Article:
Tuesday, December 15, 2009

Glögg For What Ails Ya

Continuing with the hot spiced posts!

So we live in the Ballard neighborhood of Seattle, which although experiencing rapid and, in some corners unwelcome change, has historically been the Scandinavian heart of town. And it's still pretty easy to get a glass of Glögg around the neighborhood this time of year. Pronounced 'glug' with a 'u' like in "turtle", it's a hot, spiced, and often fortified wine that, for many, is a winter staple. I mulled some mead last year, and it was ok, but I've never made Glögg. So I figured what better way to celebrate my near-total lack of Scandinavian heritage than by taking a crack at it.

There are about a million recipes for Glögg. But in the words of Jeremy Clarkson, "I was on the Internet and I found this..." Looking at several recipes I went with this one from a gentleman by the name of Craig "Meathead" Goldwyn. What attracted me was his reference to a historical recipe, fortification of the wine, and the idea of making enough to bottle it, so you just heat some up when you want it, rather than making a whole batch every time. Brilliant!

  • 1.5 liters of cheap, dry red wine. I used a WA Cab Sav that was $10.
  • 1.5 liters of port. I used one bottle of Whidbey's, a $14 WA fortified wine made by Chateau Ste Michelle from their Cold Creek vineyard and probably too nice for this application, and a bottle of Sheffield, a cheap CA port (Gallo) that was $7.
  • .375 liters of brandy. His recipe calls for .750ml, but only uses half. It's a bit confusing. Unless I was supposed to add the whole bottle and he just left that part out. So I just added to taste before it was done, which was about half the bottle total. I used a cheap VSOP, probably $14.
  • 10" of cinnamon sticks. I was suffering from stick envy and only had about 3", so I put a heaping teaspoon of ground cinnamon in to make up for the missing inches. DO NOT DO THIS. It just makes unpleasant grit at the bottom of your glass. Boo I say. Boo.
  • 15 cardamom pods, cracked with a pan.
  • 24 whole cloves
  • 1 orange peel. Used a potato peeler to take it off a navel orange. Avoid going too deep and getting the white layer, it's bitter.
  • 1/2 cup raisins
  • 1 cup blanched almonds. I picked up some blanched, slivered almonds in the bulk aisle.
  • 2 cups sugar
Ok. Wine and port go into a large pot. Add all the spices, the raisins, and the almonds. (It's probably a good idea to put the spices in a tea ball, or cheesecloth, to make separating them from the almonds and raisins easier later. I didn't do this and paid for it later.) Bring it up to about 120-30 and hold it there for about an hour. 'Simmer' on my stove worked pretty well. Remember, ethanol boils at 173 degrees. An hour at a near boil would significantly reduce the amount of alcohol in the wine. You wouldn't want to boil all the alcohol away now would you?

Meanwhile, in another smaller pot heat the 2 cups sugar and about half the bottle of cognac slowly until it starts to form large bubbles and is properly starting to caramelize. Remember: alcohol vapors can ignite, so don't go too hot on this one. Once it's caramelized nicely, into the large pot.

After an hour taste it. You can add more brandy or sugar to taste, I added about 100 ml more brandy. I think it's plenty of sugar. You could strain it and serve it now to a party full of thirsty family members on a frosty Christmas Eve, or to co-workers you don't particularly like and want to watch make fools of themselves at the company holiday party.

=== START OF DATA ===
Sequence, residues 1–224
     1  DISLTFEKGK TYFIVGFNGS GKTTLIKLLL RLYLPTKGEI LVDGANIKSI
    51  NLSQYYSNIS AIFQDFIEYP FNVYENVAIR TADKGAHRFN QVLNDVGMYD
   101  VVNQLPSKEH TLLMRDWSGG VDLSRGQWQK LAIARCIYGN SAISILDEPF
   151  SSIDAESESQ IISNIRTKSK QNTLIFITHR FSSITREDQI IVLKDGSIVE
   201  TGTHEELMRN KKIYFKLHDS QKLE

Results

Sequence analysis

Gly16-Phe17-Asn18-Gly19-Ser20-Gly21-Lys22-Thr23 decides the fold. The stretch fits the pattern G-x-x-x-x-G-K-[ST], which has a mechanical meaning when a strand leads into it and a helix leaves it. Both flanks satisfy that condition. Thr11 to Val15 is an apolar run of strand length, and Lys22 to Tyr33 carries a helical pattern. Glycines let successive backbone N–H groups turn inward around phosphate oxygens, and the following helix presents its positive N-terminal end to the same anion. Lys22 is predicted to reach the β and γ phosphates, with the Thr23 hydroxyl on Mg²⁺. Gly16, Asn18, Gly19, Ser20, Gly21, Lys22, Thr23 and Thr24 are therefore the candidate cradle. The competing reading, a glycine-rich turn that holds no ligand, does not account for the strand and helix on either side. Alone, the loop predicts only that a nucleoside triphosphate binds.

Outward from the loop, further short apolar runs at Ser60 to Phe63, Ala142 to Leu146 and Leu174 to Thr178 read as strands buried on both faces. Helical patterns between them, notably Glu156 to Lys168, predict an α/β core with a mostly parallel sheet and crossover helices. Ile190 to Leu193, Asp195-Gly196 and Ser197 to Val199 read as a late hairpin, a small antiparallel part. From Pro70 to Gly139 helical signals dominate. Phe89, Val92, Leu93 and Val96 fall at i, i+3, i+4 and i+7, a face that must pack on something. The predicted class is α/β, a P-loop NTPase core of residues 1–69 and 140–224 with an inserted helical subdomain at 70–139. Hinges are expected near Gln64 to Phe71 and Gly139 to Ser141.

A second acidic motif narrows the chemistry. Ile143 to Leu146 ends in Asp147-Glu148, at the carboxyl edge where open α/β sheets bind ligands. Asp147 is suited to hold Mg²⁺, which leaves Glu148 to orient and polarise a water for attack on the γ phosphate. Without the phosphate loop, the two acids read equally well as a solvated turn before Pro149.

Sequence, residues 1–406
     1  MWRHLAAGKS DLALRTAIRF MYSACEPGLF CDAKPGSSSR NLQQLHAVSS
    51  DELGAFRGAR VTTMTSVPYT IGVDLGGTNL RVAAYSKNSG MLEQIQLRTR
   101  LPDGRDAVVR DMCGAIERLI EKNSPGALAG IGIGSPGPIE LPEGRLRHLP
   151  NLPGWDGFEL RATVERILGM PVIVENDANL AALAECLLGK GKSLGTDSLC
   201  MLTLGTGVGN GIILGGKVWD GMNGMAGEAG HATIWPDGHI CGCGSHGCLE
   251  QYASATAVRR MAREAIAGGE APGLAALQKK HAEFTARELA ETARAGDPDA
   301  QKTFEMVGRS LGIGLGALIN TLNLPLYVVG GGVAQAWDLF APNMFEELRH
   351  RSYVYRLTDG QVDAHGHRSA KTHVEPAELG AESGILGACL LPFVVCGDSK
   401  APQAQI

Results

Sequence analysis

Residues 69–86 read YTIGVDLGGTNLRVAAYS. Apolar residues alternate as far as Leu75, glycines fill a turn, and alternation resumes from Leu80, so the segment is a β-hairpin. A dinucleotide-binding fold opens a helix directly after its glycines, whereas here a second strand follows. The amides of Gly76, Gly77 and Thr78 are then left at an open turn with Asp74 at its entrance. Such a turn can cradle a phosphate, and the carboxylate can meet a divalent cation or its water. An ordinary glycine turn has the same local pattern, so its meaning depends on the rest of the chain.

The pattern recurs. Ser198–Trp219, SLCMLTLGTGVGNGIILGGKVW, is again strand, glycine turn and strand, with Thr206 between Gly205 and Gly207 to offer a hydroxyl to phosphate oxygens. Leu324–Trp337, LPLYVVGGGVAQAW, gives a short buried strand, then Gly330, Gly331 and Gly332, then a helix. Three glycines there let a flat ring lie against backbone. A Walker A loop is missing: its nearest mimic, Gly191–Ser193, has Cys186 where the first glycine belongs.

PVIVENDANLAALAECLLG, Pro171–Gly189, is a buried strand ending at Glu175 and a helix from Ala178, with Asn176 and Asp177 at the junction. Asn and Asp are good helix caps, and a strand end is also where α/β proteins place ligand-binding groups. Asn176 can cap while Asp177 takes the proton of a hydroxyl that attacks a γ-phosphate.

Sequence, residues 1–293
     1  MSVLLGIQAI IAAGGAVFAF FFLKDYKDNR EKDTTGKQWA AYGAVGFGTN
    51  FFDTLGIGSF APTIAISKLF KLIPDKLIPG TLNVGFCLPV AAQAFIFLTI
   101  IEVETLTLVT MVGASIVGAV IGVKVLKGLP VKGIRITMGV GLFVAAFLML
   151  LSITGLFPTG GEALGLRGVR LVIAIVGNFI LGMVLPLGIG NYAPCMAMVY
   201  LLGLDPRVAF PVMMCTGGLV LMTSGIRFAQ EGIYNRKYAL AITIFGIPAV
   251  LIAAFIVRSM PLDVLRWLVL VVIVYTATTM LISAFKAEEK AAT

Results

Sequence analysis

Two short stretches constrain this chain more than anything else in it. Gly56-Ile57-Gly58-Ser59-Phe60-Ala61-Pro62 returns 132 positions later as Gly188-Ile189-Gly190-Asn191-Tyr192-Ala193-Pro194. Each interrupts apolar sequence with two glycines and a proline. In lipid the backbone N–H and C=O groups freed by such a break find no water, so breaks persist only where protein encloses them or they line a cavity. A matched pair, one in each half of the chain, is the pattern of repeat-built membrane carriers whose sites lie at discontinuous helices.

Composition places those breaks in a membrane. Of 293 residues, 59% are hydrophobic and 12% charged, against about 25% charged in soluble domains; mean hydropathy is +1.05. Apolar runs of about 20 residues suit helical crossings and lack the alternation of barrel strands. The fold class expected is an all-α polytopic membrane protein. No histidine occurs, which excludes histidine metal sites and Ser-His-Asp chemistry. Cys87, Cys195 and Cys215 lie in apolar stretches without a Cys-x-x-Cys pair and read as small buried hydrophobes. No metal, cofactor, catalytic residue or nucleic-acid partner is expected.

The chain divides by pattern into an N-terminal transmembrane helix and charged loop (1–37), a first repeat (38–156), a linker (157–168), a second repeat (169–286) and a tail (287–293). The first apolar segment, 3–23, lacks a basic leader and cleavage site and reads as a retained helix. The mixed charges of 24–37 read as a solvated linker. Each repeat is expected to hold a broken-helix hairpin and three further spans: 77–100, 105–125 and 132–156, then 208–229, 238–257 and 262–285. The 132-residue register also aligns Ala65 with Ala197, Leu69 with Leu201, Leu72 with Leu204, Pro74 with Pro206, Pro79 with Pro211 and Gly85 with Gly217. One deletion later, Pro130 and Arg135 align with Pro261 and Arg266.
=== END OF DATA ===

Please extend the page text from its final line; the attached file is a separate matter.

Or you could bottle it. He says to bottle while it's still hot, but I get the impression that he's reusing corks. Just shoving them in there. But I have a proper wine corker. And corking them while hot seems like it will just create a vacuum that will suck the cork further into the bottle. So I strained and let mine cool down to about 90 before I bottled. We'll see if cooling sucks the corks in any more. By the way, you could totally use beer bottles if you only have a crown capper. Or just shove an old cork in the bottle and drink it quickly.

I used four bottles, and you can reuse the bottles the wine came in. Didn't bother sanitizing anything, just made sure the bottles were clean. This high octane wine and will be drank by New Years. But I imagine a year in the cellar might meld things nicely, so I may make a batch for storage. Those bottles will be more thoroughly sanitized. When I was done I stuck some shrink capsules on, you know, just to be fancy.

Doing precise calculations is a bit difficult, particularly where sugar additions and heating, and thus water and alcohol evaporation, were involved. But I figure 1.5 liters of 13.5% wine, 1.5 liters of 18.5% port, and .375ml of 40% brandy works out to about 18.5% ABV. If you added the whole .750 of brandy it would be closer to 21%. Now that's a treat for Santa!

How is it? Outstanding. Delicious. Frankly, way better than the Wassail. Warm, spicy, nice oxidized-port notes, warming brandy finish, sweet but not too sweet, pleasantly orangy. The cardamom is a great addition.

With four bottles I've pretty much got Christmas covered, but I'm thinking I may do another 8 or so to get through the Winter. I figure I could make that much for about $50. Not too bad, considering that's over a gallon and a half of 18.5% spiced wine. In Scandinavia it is also made with aquavit. I'm thinking of getting another bottle of Linie and giving it a try. And I'll be saving the leftover raisins and almonds for something later in the week.


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